It’s been two years of discovering that my love for food extends beyond desserts and sweets, and that I may not be as useless in the kitchen as I first thought. Two years of learning family recipes from my dad, exploring new cuisines, gaining confidence with each success, and learning from failures.

Well this is a horribly cliché post, but honestly, I (and everyone else I know) never thought Kitchen Whimsies would make it past its first year. In ancient times, if a baby lived past two years old, parents could begin to believe that their child might actually make it to adulthood, or at least adolescence. I don’t know how to measure the lifespan of a blog – in dog years? In blog years? – but hey, what matters is that somehow, we’re still alive.

I think this year’s tomato tart turned out a little better than last year’s, and I certainly had fun trying out a totally new and totally easy way to make tart crust. Enjoy :)

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IMG_2576When I was ten, my family chose Paris as our big summer vacation destination. After flying to Hong Kong every summer, you think we’d be used to grueling flights and jet lag, but we suffered terribly that first afternoon in Paris.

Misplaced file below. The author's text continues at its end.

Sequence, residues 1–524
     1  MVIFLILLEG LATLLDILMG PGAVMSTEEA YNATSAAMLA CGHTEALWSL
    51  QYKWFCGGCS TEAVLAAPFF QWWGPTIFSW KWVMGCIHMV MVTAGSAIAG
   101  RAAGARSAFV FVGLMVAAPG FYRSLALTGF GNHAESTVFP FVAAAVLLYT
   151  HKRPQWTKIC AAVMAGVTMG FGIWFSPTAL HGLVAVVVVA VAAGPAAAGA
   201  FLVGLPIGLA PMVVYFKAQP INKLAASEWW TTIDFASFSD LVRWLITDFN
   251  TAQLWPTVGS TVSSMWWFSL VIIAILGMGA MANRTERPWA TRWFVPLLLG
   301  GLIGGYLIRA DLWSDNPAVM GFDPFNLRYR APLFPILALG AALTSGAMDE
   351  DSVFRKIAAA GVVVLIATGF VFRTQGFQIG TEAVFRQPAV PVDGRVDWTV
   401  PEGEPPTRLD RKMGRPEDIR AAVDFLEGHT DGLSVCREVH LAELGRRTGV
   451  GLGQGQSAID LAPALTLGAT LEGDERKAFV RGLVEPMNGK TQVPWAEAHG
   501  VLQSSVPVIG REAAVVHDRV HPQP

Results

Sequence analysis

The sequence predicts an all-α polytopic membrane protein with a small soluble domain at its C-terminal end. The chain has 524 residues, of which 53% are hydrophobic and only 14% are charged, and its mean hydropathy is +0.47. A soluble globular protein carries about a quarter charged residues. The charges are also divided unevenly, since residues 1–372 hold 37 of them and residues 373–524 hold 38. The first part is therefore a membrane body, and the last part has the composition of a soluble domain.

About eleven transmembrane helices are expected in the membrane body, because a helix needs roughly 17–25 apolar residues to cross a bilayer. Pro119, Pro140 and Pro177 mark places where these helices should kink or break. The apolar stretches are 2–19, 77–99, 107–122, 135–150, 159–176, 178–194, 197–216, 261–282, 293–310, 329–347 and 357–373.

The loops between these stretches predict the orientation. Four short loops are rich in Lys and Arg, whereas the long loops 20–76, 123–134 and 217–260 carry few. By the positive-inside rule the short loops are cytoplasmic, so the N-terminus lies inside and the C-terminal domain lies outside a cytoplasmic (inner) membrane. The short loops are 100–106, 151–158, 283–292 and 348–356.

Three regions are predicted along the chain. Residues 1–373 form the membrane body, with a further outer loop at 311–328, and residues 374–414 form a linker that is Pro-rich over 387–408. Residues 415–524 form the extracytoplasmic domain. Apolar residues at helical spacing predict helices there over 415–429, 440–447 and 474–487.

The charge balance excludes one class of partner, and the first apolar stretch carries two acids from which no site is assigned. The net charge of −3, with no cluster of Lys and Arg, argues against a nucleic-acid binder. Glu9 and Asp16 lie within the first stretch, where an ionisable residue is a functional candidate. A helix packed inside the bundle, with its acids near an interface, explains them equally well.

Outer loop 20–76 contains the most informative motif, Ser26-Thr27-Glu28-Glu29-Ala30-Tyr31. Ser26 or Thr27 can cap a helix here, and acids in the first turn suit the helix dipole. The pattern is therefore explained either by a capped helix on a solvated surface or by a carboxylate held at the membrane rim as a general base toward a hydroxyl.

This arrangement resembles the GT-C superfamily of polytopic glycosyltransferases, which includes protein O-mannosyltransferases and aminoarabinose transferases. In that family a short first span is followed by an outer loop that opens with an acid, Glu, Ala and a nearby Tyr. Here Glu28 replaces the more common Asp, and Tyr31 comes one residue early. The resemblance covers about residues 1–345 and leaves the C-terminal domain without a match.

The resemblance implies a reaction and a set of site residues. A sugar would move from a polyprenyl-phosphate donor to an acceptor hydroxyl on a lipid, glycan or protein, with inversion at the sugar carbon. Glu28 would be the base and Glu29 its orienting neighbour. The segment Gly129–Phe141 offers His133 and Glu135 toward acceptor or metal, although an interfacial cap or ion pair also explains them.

After arriving, we found ourselves at a small cafe overlooking a river, facing a menu written entirely in French. My dad recognized select words, but not enough to really understand what the dishes were. The waitstaff could not, or would not, speak English. So we just ordered blindly, and of course, some of the dishes were total misses.

I had never really been in a situation where nobody in my family could speak the language of the native population – though my sister and I understood zero words in Hong Kong, my parents had grown up there and navigated the streets and language flawlessly. In Paris, my mom and I tried to find a chocolate shop and even with a map, we soon lost ourselves in the labyrinth of cobblestoned streets. We gesticulated wildly at strangers and they gesticulated back, every person we asked pointing in a different direction. Three hours later, we finally stumbled into the shop.